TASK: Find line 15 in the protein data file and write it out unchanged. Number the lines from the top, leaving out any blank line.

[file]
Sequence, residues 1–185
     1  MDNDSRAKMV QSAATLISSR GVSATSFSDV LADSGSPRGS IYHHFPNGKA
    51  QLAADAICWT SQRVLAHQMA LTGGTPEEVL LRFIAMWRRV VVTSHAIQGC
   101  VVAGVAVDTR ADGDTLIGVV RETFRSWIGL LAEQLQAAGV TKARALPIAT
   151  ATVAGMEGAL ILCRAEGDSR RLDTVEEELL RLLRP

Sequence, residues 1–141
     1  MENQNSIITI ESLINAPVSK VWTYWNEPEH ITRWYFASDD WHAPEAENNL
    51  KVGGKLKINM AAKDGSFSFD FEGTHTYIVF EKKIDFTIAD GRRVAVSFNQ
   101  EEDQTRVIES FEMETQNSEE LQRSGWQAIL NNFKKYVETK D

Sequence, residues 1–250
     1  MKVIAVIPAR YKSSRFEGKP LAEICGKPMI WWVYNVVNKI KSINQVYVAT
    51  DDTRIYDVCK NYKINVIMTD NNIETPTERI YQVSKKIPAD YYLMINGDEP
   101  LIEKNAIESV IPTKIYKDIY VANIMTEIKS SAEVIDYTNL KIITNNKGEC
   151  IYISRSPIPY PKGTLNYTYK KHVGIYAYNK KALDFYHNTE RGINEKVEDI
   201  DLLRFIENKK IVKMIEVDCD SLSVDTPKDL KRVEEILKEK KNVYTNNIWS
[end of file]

   201  DLLRFIENKK IVKMIEVDCD SLSVDTPKDL KRVEEILKEK KNVYTNNIWS